In my third post in this series about the Accenture Technology Vision 2014 for Insurance, I am going to delve into the trend we call “from workforce to crowdsource” and the opportunities it creates for disruptive innovation in the insurance industry. This concept is all about using digital platforms and technologies to outsource work to the “crowd”.
Using collaboration technologies, insurers can connect with smart, enthusiastic people in the outside world who have the interest, motivation, time and expertise to work with insurers to solve some their most daunting business challenges. Crowdsourcing is not yet commonplace in the insurance industry—the most celebrated example so far is Allstate’s Claim Prediction Challenge, discussed in some detail in a recent video blog by my colleague, John Cusano.
But in other industries, companies tap the wisdom of the crowd for purposes as different as creating new flavors of potato crisps, designing new logos, determining which products should be on retail shelves, and identifying security holes in software or Web sites. Even complex projects can be crowdsourced— automotive startup Local Motors, for example, leveraged a global community of car enthusiasts to design and create a new vehicle.
For insurers, crowdsourcing has perhaps even more to offer than it does other industries. Most insurers agree that innovation is one of their biggest challenges. In many—if not most cases—they lack the in-house skills and culture to keep up with the latest consumer trends driven by digital technologies.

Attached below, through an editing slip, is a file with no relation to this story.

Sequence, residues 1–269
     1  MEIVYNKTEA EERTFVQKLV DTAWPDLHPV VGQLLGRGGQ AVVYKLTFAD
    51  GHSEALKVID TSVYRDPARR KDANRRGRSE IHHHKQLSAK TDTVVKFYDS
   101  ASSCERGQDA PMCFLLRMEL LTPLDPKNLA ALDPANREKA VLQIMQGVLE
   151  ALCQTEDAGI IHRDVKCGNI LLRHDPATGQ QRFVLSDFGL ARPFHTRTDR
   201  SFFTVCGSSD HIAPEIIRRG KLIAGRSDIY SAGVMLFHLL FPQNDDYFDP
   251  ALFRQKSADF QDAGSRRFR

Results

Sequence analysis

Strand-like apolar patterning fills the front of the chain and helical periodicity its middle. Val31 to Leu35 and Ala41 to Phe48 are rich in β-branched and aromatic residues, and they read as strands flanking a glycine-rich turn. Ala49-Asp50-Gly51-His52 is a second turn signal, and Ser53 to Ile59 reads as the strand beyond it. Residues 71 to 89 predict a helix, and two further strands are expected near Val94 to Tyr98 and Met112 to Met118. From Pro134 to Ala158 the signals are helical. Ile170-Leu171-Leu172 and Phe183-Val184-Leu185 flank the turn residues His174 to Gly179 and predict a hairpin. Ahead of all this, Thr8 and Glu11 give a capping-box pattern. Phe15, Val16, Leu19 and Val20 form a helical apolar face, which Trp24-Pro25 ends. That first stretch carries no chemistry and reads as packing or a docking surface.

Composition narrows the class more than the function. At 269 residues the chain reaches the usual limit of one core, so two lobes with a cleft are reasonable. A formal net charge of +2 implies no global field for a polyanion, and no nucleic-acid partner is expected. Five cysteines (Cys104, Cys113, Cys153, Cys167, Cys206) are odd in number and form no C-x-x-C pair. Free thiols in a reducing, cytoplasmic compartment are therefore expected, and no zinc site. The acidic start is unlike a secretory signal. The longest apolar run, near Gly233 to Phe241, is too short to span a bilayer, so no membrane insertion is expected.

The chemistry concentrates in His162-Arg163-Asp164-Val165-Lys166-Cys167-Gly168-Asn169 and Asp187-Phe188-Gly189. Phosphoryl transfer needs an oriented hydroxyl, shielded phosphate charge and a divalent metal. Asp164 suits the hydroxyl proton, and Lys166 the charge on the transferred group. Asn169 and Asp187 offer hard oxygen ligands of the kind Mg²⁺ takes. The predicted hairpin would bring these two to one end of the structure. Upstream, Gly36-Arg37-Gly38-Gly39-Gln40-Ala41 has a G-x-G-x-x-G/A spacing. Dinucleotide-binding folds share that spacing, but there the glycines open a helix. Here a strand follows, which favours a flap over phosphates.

The result, highlighted time and again by studies such as Accenture’s Consumer-Driven Innovation Survey, is a gulf between consumers’ expectations and what insurers are able to deliver. Consider, for example, the finding that 55 percent of customers would be interested in insurance products and services offered on social media.
Crowdsourcing a great way for insurers to close this gap before digital disrupters move in to fill the vacuum. It gives them a way of tapping into people with the sort of skills they don’t have in-house—for example, people with digital backgrounds or those with exposure to the fast-moving-consumer and technology industries.
What’s more, it allows insurers to tap staggering amounts of brainpower and work-hours in a cost-effective manner to solve complex business problems. This is a potential source of labor that complements the traditional insurance workforce—but more importantly, it offers insurers ways to source ideas they probably could not conceive of within their own organizations.
From the crowd—including insurance customers or professionals working for fun and profit—insurers could uncover new ideas for products, new risk rating models, new routes to market, and more. It’s not as risky as it sounds to tap into the crowd, provided the planning is sound, the brief clear and the project management good. So how does an insurer get started?
We recommend looking at leading consumer brands such Walmart and Lay’s for inspiration. Identify opportunities for crowdsourcing help in areas such as analytics, market research, product development, or innovation.
Then, the insurer could think how it could tap into the crowd using existing platforms like Kaggle, Elance and oDesk. The next step is to engage existing online communities in a pilot to evaluate the value of tapping into a different workforce and set of skills to the ones in the current organization.
As insurers grapple with disruption to their business models, those that get crowdsourcing and other flexible working patterns right could put themselves at the forefront of innovation.
I’ll be taking a short break from blogging during the European summer holidays. I’ll be back on 3 September with the next post in this series. In the meantime, you can find the other posts in this series here, or you can download the full Accenture Technology Vision 2014 for Insurance report.